As soon as an individual is infected with Ebola, the virus starts making copies of itself. A headache usually develops on the 7th day after coming into contact with the virus, and from there the symptoms get worse. The victim may spike a fever, and begin to vomit uncontrollably. The victim's face becomes a yellow mask, and the eyes turn bright red. The virus is trying to transform the body into itself, the result being liquefying flesh and virus. The victim may start vomiting black vomit, which is actually a hemorrhage.

The victim's blood begins to clot, which cut off the blood supply in most parts of the body. Eventually the clotting factors become used up, and the blood becomes clotless. The victim begins to bleed from every opening in their body. The victims usually die of hypovolemic shock or organ failure.

Kitum Cave is significant because in the 1980's two visitors to the cave contracted EBOLA Marburg virus; Charles Monet and a fifteen year old boy.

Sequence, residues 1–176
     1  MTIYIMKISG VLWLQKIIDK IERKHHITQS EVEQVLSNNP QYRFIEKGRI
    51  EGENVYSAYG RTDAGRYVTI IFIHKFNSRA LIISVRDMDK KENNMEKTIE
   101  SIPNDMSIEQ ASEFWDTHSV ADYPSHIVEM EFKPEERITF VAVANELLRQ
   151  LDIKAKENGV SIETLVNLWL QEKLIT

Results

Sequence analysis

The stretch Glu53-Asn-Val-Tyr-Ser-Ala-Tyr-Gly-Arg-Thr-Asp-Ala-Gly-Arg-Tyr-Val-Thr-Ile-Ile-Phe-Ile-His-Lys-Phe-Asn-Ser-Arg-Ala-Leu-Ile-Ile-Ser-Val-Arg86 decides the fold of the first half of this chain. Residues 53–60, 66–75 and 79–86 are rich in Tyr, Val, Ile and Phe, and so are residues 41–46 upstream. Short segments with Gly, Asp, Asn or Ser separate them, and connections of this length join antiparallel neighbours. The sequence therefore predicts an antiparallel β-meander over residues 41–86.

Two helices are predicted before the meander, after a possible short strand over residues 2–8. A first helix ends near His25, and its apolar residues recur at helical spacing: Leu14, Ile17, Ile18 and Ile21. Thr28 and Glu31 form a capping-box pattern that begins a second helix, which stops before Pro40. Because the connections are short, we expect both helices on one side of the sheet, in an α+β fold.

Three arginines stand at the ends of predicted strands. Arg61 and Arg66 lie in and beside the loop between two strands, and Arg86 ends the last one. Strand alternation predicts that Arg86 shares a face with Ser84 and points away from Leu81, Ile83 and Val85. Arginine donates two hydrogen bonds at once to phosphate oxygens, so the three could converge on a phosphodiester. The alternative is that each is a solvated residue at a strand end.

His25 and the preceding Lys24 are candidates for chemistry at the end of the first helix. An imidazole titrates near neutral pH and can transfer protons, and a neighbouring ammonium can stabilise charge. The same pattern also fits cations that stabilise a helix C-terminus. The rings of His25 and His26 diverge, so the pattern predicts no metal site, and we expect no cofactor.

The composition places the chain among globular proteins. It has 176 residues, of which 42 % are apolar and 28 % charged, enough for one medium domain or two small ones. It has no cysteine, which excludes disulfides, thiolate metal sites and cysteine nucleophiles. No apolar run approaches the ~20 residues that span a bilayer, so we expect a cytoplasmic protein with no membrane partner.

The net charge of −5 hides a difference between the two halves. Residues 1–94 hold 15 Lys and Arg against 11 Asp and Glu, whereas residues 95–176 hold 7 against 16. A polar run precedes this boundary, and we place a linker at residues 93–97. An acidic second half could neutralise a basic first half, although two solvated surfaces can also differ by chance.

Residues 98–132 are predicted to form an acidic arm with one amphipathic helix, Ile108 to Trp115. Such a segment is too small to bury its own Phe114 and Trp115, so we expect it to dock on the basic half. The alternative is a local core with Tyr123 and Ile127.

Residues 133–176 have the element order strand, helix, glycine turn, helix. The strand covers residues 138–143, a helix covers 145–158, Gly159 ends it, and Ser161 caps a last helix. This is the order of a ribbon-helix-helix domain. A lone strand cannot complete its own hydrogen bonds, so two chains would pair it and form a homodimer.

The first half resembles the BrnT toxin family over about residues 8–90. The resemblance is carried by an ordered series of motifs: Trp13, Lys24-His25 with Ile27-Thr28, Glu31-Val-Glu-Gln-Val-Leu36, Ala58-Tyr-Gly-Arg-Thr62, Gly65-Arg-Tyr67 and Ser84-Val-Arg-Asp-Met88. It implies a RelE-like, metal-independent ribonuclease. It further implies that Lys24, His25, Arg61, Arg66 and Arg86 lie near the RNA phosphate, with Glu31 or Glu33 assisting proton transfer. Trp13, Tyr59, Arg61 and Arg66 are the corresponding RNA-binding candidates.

A hot virus is a lethally infective virus. Examples of hot viruses include Ebola and Marburg.

One way to stop a virus is to isolate everyone with the virus and let them die out, or cure them. Another would be to vaccinate the population at risk. The third is to eliminate the vector.

Hot Zone Questions
Marburg Virus

Marburg was the first filiovirus discovered. The Marbug virus has similar symptoms to Ebola, but the chance of surving an infection of Marbug virus is higher.
First infected: Klaus F. He cared for the monkey in the Behring Works factory and broke with the virus on August 8, 1967 and died two weeks later.
Date discovered: During the summer of 1967

Noted outbreaks:

Marburg Germany, in a factory called Behring Works, was the first to break out with Marburg, around the summer of 1967. The factory works on producing serums and vaccines using kidney cells from African green monkeys, normally shipped in from Uganda.